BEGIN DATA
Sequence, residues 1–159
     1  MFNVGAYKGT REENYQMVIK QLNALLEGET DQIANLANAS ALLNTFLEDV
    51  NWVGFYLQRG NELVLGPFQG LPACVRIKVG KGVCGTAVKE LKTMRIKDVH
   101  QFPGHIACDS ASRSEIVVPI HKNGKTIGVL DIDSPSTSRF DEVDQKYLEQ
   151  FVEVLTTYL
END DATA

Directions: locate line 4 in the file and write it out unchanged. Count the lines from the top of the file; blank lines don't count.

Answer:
   101  QFPGHIACDS ASRSEIVVPI HKNGKTIGVL DIDSPSTSRF DEVDQKYLEQ